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I've only been using linux for 6 months, so in this time i've been getting my head around the basic. Now i'm moving into securing my box. Being breastfed on windows for years i've tended to ignore the issue beyond installing more patches and security software.
I'm told i shouldn't have ports open i'm not using as these are security vulnerabilities right???? So i run the
and find i have unknown ports open ie
737/tcp open unknown
956/tcp open unknown
not only that, but can someone tell me what the following are for
111/tcp open sunrpc
199/tcp open smux
32770/tcp open sometimes-rpc3
apart from what they are for, if i can shut them down, how do i go about it???????
First of all, the word “unknown” just means that there isn't an entry in the portmap file for this port, so nmap doesn't know which protocol it's supposed to be assigned to.
A port that isn't being used is not a security vunrability in itself; only if a server is actually listening on the port is it necessarily a problem. However, it is a good way to protect yourself against possible attacks by disallowing connections (blocking) on ports that shouldn't get used.
To do this, you need to look at the firewall software that comes with Red Hat.
If a port is open, it means that something is using it. Find out what before you do anything, by logging in to the server and running “netstat -a”. If it's a service you don't want to be running, shut it down in the runlevel editor or (better) uninstall it.
By the way, ports with numbers above 1024 are unprivilaged ports that tend to be used for things like the client-side of communications, so if you block all packets on these ports, you'll find that your machine only works as a network server and you can't do things like browsing web-sites or establishing FTP connections to download system updates. So be careful about locking down 32770.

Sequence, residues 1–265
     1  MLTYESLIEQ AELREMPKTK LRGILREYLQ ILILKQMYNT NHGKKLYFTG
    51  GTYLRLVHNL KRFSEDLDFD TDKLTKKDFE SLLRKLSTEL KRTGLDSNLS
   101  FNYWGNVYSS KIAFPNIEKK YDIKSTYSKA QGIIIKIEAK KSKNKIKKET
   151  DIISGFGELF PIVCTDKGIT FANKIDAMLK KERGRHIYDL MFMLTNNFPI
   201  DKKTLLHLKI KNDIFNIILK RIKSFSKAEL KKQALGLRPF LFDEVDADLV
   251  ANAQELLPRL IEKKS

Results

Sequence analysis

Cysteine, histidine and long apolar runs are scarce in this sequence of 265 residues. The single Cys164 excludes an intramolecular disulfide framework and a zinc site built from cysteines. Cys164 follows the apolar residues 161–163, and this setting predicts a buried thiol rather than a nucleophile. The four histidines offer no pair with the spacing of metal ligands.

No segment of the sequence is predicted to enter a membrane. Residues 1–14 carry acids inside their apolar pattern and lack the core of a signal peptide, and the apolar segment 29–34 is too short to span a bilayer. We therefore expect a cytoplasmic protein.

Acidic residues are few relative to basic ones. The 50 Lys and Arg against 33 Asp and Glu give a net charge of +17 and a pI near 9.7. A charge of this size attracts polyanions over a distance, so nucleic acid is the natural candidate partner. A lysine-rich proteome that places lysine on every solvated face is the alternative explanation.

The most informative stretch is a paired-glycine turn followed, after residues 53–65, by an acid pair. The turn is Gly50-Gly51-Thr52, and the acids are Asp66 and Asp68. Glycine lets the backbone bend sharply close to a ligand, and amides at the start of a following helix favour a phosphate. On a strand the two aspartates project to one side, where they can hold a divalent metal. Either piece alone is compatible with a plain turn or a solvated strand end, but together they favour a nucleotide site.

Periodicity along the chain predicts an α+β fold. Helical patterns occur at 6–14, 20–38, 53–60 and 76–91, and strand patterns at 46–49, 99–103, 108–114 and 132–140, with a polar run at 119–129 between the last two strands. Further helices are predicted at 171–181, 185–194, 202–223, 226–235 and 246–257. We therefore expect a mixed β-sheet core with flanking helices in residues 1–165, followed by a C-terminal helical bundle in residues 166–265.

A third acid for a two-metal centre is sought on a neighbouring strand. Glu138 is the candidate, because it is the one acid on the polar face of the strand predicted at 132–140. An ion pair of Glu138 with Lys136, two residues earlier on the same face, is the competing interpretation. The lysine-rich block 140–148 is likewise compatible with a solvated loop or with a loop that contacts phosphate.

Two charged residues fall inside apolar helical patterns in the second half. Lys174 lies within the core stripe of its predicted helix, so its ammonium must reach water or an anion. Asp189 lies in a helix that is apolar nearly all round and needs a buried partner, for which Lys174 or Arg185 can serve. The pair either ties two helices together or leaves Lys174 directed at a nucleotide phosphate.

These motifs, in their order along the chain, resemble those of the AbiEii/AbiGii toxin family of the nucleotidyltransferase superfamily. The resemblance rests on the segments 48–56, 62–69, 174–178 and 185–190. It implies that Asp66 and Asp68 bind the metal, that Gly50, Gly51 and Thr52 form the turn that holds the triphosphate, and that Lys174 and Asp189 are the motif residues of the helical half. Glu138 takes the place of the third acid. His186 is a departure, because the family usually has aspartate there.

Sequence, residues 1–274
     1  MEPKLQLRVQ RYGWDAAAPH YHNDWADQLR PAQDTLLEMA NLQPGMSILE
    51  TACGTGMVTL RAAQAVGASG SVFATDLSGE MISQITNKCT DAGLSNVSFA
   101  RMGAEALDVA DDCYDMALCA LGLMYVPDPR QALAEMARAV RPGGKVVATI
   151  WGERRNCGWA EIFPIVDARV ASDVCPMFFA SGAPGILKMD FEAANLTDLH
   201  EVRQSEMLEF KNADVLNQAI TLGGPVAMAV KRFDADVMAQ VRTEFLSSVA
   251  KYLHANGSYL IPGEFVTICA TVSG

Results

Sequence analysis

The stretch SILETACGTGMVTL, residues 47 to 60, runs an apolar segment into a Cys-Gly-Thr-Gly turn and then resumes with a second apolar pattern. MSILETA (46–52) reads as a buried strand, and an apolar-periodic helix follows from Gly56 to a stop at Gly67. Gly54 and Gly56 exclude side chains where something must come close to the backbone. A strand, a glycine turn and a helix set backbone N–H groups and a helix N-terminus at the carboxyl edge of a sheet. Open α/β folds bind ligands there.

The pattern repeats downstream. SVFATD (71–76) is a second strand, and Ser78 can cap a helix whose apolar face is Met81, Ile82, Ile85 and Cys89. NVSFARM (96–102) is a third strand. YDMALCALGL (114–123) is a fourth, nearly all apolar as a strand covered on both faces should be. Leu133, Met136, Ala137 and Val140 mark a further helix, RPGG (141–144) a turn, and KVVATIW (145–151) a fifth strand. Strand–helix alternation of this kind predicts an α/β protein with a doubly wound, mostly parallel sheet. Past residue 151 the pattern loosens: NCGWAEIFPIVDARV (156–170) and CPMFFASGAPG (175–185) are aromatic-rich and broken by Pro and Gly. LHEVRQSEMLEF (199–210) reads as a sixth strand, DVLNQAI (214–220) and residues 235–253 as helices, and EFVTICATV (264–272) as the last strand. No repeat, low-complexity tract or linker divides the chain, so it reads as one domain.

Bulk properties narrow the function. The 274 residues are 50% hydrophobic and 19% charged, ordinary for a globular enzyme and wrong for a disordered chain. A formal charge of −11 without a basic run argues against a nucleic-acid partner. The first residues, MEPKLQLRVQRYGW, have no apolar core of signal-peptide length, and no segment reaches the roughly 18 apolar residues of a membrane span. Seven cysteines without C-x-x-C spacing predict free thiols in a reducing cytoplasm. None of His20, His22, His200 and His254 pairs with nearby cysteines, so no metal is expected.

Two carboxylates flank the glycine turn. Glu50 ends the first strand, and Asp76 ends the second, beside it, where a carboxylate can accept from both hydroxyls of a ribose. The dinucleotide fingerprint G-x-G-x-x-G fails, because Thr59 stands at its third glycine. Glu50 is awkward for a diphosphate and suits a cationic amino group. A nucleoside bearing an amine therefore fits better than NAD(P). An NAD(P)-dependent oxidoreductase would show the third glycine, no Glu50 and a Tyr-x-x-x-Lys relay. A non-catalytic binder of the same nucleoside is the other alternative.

If you don't run any RPC services, you don't need the portmapper (it's a locator service for RPC), and the mountd service is used with NFS, so if you're not using NFS, you don'r need it. No idea about what smux is, but I doubt it's something you need.
thanks for the help guys. just a few points
yeah all the ports are open, i ran nmap from my client computer ( i have a 2 pc LAN) (wow!!!).
As for the print out from either
i have no idea what the output, which is a hell of alot means, all pure swahili to me chaps. as i say i'm just a noob at this. This is why i was rather hoping someone could tell me which ports to close, which incidently i still have not a clue. i figure i can close down the unknown ports, but whats the syntax for that????????
is there any security vulnerabilities by leaving all alone???????
It's good to close all unwanted ports, so the risk of compromise is lower. I'm not familiar with RH but I guess it has a management tool to assist you on disabling unwanted services. You can also take a look here: http://www.uic.edu/depts/accc/security/os/rhlinux.html
Consider using a firewall also for better security.
On RH9 (KDE) the menu option is:
System Settings ->Server Settings ->Services
which will give you the Service Config GUI, showing you which services are running at each run-level, and allowing you to turn them off/on.
Don't forget to use 'Save Changes' under the 'File' menu, otherwise a reboot will lose the changes.
If you're using Gnome, the menu should be similar..
You have to identify the services using those ports to be able to stop them. If the commands, fuser and lsof didn't return anything you can use:
nmap -A -T4 -F xx.xx.xx.xx
from another box. Perhaps it's output will tell you what's running on those ports.
But you have to start to worry that there is something wrong with your box since fuser and lsof didn't came up with the services that use those ports.